SAN JOSE, Calif. — Martin Izzard and 80 colleagues want to upend the multi-billion dollar industry of network hardware. They hope the chips they will tape out soon provide a strategic wedge that does the job.
Izzard is chief executive of Barefoot Networks, a rare microprocessor startup that has attracted a whopping $130 million in funding to date including strategic backers that include Google, Goldman Sachs and Hewlett-Packard Enterprise. Its Tofino chips aim to make the job of programming complex networks as easy as writing C++ code in an emerging open-source language it helped create called P4.
Barefoot is at the bleeding edge of a trend generally called software-defined networking. SDN represents an effort to cut through what’s become a rat’s nest of competing, often proprietary APIs, protocols and ASICs.
The chips and software are embedded in systems from giants such as Cisco, Ericsson, Huawei, Juniper and Nokia. SDN proponents aim to run much of the work of these systems on standard computer servers controlled by programs written in high-level languages.
Managing networks through servers is hard enough. But this so-called control plane is not nearly as complex and fast moving as the data plane where bits need to get switched and routed on the fly at speeds from 10-100 Gbits/second. This is the area where Barefoot hopes its chips and P4 will play.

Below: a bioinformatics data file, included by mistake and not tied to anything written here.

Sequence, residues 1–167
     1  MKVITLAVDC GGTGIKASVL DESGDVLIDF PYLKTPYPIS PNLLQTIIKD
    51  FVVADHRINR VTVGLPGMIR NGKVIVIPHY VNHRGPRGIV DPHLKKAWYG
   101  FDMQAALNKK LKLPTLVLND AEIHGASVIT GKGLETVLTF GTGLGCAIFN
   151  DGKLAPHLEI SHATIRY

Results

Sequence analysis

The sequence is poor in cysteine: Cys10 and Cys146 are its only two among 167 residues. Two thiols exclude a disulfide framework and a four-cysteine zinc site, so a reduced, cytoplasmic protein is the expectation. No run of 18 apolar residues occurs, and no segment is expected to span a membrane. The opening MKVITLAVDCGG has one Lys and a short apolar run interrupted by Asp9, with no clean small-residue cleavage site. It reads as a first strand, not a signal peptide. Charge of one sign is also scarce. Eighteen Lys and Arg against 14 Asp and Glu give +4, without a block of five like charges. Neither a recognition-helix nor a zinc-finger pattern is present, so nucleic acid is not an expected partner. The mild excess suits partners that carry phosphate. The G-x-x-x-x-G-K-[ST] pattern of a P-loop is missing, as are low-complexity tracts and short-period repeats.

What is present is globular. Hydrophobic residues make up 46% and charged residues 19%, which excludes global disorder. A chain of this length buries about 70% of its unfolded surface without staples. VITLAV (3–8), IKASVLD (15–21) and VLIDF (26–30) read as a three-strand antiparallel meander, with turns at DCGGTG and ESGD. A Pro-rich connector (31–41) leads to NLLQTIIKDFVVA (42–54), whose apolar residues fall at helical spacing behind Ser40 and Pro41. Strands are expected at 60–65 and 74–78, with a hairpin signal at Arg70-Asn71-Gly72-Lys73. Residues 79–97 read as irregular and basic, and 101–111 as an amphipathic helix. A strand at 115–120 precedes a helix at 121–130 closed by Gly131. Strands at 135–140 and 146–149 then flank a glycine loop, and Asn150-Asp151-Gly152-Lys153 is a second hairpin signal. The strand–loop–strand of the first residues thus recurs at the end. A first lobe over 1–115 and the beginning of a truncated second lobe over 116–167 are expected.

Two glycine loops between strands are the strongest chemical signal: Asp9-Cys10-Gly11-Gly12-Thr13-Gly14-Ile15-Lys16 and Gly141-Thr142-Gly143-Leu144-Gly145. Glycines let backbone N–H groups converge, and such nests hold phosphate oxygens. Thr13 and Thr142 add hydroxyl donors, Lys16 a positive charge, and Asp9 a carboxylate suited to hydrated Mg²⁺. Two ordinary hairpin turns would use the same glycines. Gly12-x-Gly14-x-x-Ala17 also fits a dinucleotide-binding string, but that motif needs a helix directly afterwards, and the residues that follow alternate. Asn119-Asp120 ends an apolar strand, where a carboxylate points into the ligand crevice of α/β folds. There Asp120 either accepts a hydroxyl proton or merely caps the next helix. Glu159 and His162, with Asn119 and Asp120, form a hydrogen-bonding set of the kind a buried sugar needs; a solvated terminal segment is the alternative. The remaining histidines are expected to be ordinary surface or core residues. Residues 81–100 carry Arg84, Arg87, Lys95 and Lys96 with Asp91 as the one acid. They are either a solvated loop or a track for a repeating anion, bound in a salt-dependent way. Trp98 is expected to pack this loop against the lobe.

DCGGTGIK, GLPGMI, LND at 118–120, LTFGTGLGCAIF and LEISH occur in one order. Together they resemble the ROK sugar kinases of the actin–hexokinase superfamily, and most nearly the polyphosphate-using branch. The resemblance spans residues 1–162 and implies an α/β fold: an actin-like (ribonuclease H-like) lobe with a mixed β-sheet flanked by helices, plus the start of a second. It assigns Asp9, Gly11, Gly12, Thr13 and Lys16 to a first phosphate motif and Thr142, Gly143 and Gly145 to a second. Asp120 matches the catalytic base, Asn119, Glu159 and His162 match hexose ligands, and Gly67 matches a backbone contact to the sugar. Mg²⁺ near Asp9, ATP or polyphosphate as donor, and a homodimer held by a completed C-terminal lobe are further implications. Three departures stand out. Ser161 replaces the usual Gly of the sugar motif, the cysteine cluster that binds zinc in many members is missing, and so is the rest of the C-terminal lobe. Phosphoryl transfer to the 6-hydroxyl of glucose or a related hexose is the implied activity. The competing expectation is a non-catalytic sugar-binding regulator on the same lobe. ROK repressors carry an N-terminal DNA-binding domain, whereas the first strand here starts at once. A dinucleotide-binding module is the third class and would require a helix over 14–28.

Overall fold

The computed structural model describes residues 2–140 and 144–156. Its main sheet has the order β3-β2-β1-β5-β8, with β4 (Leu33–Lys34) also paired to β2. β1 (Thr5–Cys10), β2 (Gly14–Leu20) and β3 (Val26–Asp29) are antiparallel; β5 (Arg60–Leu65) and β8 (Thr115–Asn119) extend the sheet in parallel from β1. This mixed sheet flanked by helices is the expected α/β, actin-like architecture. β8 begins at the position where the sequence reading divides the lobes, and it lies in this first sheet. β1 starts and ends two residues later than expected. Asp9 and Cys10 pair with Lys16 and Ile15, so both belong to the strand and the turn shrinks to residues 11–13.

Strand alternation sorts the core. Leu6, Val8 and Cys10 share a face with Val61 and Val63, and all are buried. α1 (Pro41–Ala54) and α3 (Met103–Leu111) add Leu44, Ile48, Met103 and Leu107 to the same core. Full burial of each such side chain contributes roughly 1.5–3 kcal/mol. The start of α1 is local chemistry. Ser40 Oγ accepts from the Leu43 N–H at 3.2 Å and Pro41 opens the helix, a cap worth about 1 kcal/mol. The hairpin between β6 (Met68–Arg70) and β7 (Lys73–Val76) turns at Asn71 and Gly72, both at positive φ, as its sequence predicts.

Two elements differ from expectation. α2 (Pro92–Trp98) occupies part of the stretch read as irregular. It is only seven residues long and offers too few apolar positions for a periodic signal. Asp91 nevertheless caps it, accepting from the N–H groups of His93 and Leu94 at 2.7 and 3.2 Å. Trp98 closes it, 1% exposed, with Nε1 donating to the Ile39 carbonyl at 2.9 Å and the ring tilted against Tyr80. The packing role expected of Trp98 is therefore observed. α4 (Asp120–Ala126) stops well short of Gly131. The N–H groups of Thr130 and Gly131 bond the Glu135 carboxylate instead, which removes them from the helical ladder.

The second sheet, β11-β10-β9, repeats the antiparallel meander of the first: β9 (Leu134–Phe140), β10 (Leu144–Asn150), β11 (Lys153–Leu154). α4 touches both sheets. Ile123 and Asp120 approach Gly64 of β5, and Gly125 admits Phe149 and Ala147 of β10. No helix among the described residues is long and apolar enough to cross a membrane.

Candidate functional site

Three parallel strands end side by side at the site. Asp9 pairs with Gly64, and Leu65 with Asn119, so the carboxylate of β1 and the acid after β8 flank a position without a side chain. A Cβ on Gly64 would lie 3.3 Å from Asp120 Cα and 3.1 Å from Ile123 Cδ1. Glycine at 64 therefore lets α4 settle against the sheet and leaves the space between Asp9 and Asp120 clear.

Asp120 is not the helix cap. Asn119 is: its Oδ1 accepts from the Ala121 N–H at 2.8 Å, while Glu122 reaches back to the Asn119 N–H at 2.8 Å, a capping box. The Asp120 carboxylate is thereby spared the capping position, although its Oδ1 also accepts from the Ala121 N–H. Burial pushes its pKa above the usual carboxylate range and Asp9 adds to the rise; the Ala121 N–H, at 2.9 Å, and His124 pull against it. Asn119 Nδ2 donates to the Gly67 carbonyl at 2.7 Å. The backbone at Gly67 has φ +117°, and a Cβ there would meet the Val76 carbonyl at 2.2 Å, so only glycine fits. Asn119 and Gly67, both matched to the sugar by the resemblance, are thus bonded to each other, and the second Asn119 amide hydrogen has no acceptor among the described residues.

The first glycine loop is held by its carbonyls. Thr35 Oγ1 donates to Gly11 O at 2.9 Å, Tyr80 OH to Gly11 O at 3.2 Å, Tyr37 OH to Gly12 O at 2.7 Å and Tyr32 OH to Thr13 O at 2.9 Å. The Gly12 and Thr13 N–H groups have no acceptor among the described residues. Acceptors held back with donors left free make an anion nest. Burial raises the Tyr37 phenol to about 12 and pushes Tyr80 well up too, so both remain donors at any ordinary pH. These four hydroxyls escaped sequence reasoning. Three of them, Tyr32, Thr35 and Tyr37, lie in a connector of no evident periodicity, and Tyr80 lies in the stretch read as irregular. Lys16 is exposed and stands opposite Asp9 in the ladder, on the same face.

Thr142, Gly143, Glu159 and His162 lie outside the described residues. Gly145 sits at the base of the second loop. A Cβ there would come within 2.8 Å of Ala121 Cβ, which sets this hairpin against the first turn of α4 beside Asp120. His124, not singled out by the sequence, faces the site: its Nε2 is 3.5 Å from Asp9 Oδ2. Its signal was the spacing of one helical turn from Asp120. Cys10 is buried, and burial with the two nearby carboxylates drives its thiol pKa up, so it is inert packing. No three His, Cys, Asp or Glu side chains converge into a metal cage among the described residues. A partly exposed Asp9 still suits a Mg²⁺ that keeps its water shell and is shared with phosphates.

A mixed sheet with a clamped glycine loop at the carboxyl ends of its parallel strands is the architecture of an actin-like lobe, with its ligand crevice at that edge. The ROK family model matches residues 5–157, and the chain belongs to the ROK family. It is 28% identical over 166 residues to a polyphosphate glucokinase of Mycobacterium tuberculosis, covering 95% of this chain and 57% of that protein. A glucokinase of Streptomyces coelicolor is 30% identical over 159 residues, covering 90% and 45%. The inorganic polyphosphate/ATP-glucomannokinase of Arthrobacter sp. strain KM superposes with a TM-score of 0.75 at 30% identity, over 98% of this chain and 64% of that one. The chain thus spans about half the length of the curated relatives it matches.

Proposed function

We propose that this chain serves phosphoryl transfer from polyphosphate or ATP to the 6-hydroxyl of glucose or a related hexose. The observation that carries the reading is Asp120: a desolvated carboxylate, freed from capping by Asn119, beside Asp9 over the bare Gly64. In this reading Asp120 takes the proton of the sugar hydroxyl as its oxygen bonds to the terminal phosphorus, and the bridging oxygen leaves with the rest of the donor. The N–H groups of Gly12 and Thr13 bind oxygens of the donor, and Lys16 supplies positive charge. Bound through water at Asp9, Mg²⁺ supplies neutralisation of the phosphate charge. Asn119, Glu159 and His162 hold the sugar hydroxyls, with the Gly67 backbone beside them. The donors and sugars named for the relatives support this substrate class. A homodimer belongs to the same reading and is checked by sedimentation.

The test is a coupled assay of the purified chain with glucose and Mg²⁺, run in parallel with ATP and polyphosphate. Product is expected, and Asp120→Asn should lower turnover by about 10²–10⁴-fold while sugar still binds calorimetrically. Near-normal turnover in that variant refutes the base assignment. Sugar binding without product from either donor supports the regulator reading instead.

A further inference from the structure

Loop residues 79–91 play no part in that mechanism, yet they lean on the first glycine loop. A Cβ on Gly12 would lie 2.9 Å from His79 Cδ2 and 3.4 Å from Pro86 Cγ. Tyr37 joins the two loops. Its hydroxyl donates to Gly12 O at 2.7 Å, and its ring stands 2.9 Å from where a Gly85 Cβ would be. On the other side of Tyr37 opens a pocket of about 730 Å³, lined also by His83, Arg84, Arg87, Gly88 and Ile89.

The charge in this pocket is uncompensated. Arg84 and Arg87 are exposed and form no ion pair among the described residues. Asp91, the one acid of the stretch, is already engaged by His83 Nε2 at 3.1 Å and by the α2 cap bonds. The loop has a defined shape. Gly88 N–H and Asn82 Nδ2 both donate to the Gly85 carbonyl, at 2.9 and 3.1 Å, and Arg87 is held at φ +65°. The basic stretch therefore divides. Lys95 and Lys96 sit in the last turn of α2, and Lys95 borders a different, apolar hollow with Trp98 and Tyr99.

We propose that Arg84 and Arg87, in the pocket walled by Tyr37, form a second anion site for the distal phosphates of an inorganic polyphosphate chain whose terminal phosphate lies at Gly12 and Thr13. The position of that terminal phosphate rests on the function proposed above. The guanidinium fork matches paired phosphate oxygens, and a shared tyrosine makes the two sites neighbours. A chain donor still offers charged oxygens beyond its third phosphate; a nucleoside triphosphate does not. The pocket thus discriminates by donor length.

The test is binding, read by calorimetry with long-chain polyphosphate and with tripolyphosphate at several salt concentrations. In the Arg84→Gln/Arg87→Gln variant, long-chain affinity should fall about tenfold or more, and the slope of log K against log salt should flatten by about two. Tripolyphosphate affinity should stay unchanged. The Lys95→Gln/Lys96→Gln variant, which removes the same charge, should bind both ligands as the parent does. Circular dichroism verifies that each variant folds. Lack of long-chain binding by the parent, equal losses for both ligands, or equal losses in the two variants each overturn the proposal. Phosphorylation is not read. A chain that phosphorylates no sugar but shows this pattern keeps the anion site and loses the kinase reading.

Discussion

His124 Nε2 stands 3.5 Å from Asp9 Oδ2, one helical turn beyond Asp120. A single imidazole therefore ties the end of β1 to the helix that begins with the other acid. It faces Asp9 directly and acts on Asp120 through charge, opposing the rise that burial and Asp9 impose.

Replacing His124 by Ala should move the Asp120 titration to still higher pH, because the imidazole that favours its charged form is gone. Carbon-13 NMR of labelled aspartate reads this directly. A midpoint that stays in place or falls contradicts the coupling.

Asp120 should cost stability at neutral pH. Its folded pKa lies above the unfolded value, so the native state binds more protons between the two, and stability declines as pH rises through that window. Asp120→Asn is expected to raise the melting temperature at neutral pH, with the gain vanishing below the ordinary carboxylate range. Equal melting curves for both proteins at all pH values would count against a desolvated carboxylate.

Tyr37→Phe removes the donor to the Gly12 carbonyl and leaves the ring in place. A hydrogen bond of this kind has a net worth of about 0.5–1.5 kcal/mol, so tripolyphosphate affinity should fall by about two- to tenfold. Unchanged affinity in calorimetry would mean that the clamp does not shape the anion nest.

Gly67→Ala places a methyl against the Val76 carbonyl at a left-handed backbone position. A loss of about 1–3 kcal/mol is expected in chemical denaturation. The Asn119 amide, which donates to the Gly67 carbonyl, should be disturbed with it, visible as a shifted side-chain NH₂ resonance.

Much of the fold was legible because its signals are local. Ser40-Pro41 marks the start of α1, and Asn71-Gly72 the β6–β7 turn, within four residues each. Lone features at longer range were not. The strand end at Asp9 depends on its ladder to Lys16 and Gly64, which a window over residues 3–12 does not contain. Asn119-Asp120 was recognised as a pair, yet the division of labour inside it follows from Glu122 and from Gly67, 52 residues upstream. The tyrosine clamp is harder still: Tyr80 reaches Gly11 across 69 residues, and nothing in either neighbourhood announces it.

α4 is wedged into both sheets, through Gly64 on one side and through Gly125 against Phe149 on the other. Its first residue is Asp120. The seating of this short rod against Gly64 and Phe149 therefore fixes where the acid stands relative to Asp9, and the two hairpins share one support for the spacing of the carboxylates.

“We think this is a unique idea and the financial markets in Silicon Valley have validated it,” said Izzard. With partners such as Google, Goldman, HPE and other unnamed OEMs, “we have big potential customers who can ramp fast” for large Web-scale data centers and enterprise users, said Izzard who used to help big networking OEMs develop their ASICs while working at Texas Instruments.
Barefoot closed its latest round for $57 million a few weeks ago. It expects to sample chips before the end of the year to multiple customers some of whom are already starting system designs. “We can see ourselves in production in mid-2017 and have money to get beyond that and plenty of customer interest to serve,” he said.
Analyst Bob Wheeler of The Linley Group is upbeat on the new P4 language Barefoot helped create, but says the startup now has to prove its chip technology.
“I view P4 as delivering on what OpenFlow should have been — OpenFlow was supposed to deliver highly-configurable pipelines, but instead it was constrained by legacy protocols and silicon,” Wheeler said.
“P4 takes a clean-sheet approach, creating an SDN data plane with room to grow,” said Wheeler. “How quickly the market takes off will depend on hyper-scale operators like Amazon, Facebook, Google, and Microsoft,” he added.
In a press release officially announcing the startup, senior managers from China’s Huawei and Tencent and others praised the Barefoot concept.
"One of the key components of LinkedIn's next-generation data center design is a programmable network fabric and we are excited about the opportunities Tofino and P4 enable to be one of the building blocks in our vision,” said Yuval Bachar, a principal engineer at LinkedIn, which Microsoft recently bid to acquire.
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